Winner at the Golden Horse awards, Jill Li’s epic documentary charts a local revolution’s rise and stumble
Dir. Jill Li. Hong Kong. 2019. 179 mins.
Charting a six-year fight against corruption in South China, 2020 Golden Horse best documentary-winner Lost Course shows how easily the quest for justice can falter even amongst passionate and determined crusaders. First-time filmmaker Jill Li details the situation in the fishing village of Wukan, in Guangdong Province, where townsfolk spontaneously rise up in protest after administrators illegally sell off fertile communal land by the sea, personally profiting while everyone else faces poverty. But as this lengthy yet also gripping film demonstrates, such underhanded bureaucracy never really goes away, no matter who is in charge.
Observational yet authoritative
Observational yet authoritative in its approach, Li’s film first paints an inspiring picture, then a dispiriting one. If the film was any shorter, viewers might get whiplash from watching its initial heroes struggle after they successfully remove Wukan’s self-serving powers-that-be and are elected themselves. Now showing at IDFA, Lost Course should receive further festival interest due to its continued timeliness. Watching a community champion the importance of free and fair elections, then lose faith in the fallout, is timely. So is the heavy-handed response to Wukan’s resistance given comparable scenes in Hong Kong.
Wukan’s uprising gained global media attention back in 2011, when villagers demanded the return of their land and violence ensued. Li’s film highlights one photojournalist, the New York Times’ Du Bin, and also shows the anti-corruption movement actively trying to raise international support. Divided in two halves, Lost Course first weaves through the protesting crowds as they take to the streets to voice their discontent. Their cause is further galvanised when, months after the initial September unrest, four activists are arrested. Village representative Bo dies in custody — apparently of a heart attack, but the townsfolk do not believe the official government explanation.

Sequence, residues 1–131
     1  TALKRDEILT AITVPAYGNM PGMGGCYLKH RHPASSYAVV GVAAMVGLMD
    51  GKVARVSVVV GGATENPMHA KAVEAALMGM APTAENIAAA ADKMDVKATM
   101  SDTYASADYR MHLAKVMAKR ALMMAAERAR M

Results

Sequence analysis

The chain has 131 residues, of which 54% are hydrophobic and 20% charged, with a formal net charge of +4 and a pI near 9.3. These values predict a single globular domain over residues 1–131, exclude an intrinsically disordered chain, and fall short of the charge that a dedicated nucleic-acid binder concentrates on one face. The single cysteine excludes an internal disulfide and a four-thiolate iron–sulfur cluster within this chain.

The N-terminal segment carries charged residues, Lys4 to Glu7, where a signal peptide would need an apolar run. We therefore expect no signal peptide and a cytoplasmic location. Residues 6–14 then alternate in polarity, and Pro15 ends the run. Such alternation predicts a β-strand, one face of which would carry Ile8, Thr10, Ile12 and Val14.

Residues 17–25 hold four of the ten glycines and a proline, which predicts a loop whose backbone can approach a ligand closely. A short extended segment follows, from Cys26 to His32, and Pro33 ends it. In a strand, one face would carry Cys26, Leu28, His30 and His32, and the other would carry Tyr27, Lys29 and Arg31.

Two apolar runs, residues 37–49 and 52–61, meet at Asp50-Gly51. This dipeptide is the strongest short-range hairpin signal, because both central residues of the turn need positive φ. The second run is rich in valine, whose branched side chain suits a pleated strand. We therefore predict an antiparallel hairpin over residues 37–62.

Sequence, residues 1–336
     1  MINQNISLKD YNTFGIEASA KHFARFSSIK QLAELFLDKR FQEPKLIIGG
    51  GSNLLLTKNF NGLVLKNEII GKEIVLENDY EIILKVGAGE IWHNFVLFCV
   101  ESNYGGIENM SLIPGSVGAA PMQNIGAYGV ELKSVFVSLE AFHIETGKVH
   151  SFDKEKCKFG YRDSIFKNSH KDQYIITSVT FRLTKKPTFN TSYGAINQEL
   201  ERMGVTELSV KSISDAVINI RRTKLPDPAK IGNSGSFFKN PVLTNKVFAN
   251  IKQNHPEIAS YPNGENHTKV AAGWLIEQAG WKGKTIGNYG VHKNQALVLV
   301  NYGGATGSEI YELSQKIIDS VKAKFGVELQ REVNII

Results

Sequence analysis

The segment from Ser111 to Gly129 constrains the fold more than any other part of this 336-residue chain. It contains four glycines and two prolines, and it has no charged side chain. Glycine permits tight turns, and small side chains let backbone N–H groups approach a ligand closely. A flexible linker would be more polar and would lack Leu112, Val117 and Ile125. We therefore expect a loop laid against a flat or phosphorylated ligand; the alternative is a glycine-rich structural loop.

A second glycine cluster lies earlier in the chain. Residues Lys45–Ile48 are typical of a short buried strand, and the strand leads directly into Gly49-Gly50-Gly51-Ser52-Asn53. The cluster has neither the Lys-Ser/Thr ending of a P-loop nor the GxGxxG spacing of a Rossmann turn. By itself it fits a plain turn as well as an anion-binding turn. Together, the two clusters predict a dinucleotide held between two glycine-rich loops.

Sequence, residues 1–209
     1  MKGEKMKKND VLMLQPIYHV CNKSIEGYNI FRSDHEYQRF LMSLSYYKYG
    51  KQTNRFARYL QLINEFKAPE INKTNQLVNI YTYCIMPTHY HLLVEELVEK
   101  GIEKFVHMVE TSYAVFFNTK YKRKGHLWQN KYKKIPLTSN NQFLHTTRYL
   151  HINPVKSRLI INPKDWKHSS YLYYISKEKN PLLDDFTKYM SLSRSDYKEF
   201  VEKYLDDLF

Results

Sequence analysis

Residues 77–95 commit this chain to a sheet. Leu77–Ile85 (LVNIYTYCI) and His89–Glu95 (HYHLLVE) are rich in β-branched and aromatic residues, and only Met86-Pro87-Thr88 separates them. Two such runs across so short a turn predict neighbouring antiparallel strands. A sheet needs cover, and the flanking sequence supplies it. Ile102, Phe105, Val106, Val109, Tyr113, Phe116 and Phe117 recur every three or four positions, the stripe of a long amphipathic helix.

Lost Course tells much of its story through mass gatherings, including those staged both before and after the change of local leadership. Wukan’s inhabitants do not need a catalyst to keep fighting, but Bo’s death is a push onto the path to their first election in ten years. The documentary’s second half examines the aftermath, when neither substantial change nor compensation for the stolen land is forthcoming, causing hope to once again turn to anger.
Li returns to the same key figures time and time again, including the elderly Lin, who is voted party branch secretary and village director; the younger Hong, who earns a committee position but ends up resigning to start his own teahouse; and Xing, another youthful new official who keeps his own photography studio to make ends meet. Alongside other main players, they are never short on thoughts about their circumstances, but the film’s most incisive commentary hails from Wukan’s crowds. At first, protestors are undeterred by the government pushback, even voicing their willingness to lose their lives to the clash. A few years later, however, their chatter darkens. “Even the old leaders were better,” they mutter, adding, “they speak of democracy, but they just want power” .
Acting as her own cinematographer, Li’s visuals are as grainy and jumpy as is to be expected of hectic on-the-ground, fly-on-wall-style footage. Co-editing as well, she helps splice Lost Course into an urgent and energetic affair. Its title makes plain that there is no happy ending in store here, but nothing about this complex documentary veers in the wrong direction.
Production company: Human Images Limited
Contact: dGenerate Films, email@example.com
Producer: Chai Sheng, Peter Yam
Editing: Luke To, Jill Li, Lau Sze Wai
Cinematography: Jill Li